Saturday, March 30, 2013


Grace has been accepted by CIEE (Counsel for International Education Exchange) to study in France next year.  She has worked incredibly hard to get to this point and we are proud of her.  She has been placed with a host family that seems wonderful and meets many of the 'wants' that Grace had: they have three girls younger than her (she wanted little sisters), a dog (golden retriever), and they live in a cold region of France (near Calais in the north).  The picture that they sent was of the three girls and the dog in several inches of snow! 

However, she is far from finished.  She still has to obtain a visa, which is proving to be a significant challenge.  We are 'out of the box' in that we are US citizens living abroad on a ship. 

Also there is a still a significant financial commitment involved.  If you would like to contribute to this amazing opportunity for Grace, please give through our family donation page and just leave a note saying 'For Grace'. 

Sunday, March 17, 2013

A Different Kind of Normal

A few weekends ago, just before I left for two weeks in Texas, we took a family overnight trip to Mamadou, a rural region about two hours from the ship.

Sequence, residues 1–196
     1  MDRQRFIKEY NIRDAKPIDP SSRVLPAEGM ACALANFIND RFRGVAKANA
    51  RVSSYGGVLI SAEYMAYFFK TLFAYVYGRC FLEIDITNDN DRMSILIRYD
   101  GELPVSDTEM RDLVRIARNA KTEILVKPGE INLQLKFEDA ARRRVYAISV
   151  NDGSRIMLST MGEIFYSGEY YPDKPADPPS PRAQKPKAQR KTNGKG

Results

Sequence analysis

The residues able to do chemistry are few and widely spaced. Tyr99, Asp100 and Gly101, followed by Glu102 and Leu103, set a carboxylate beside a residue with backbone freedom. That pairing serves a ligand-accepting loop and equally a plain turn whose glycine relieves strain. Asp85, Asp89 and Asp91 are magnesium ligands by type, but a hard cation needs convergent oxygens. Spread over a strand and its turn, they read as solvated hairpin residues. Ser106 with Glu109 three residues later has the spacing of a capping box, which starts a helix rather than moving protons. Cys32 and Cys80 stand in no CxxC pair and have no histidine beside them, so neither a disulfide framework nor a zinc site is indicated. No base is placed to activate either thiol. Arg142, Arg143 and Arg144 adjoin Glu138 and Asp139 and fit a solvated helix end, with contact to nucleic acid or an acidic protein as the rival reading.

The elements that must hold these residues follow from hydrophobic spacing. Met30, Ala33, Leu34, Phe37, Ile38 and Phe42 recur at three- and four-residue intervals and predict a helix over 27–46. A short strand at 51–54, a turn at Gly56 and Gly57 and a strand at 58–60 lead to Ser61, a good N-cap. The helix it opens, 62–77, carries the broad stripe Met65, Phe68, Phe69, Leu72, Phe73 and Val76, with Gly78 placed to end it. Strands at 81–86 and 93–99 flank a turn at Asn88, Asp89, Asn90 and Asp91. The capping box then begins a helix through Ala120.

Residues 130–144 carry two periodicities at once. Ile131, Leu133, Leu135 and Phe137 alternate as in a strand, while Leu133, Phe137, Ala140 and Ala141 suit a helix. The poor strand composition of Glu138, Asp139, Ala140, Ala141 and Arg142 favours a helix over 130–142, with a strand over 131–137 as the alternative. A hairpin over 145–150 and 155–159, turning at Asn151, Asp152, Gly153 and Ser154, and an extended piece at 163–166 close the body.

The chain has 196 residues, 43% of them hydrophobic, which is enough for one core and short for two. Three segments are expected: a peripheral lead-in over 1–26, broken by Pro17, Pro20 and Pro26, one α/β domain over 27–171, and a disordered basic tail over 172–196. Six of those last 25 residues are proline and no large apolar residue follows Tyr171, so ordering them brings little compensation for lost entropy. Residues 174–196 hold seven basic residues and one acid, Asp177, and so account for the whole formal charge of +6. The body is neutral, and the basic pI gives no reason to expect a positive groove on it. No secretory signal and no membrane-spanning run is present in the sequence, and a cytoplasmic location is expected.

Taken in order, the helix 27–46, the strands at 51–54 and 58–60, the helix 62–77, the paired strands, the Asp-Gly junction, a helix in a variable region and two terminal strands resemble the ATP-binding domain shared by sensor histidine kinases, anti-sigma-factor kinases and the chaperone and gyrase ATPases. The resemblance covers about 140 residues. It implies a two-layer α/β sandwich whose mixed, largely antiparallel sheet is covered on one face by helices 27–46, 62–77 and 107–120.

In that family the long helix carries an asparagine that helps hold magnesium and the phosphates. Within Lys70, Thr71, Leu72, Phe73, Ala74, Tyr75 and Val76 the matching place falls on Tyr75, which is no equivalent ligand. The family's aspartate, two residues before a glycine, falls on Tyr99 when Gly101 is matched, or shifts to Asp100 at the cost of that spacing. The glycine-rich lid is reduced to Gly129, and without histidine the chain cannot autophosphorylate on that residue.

We had a bit of a time of just getting on the road.  The driver that had agreed to take us inland delegated the job to a 'friend' of his who argued about the price that had already been agreed on.  At any rate, we finally got underway and arrived just before lunch on a Saturday.

We stayed in a round 'hut' with two rooms that were fairly well appointed by local standards.  Each room had two beds, a flushing toilet (the girls found a frog in theirs), and a ceiling fan. 

We mostly just hung out.  We played tag, threw rocks in the stream, and walked about a bit.  We also had dinner on Saturday night and breakfast Sunday morning at the 'restaurant' on the premises.  It was actually quite nice; chicken and fries for dinner and omelets with baguettes for breakfast.

On Saturday evening we had a campfire and Smores (thanks to Dara for her logistical prowess which included packing graham crackers, marshmallows, and chocolate bars).  It was awesome to sit by the fire and look up at a night sky filled with brilliant stars, especially since there was no moon and no city lights.

At one point Saturday afternoon Elijah, Malachi, and I were sitting on a large rock with our legs hanging over the stream, whittling sticks.  I took note of our environment and realized that this had become 'normal' for us.  I said to them, "do you guys realize that for most kids from the US what we are doing now would be considered a huge adventure?  We are whittling sticks on the side of a stream surrounded by an African jungle".  They both just shrugged.  This is the normal they know.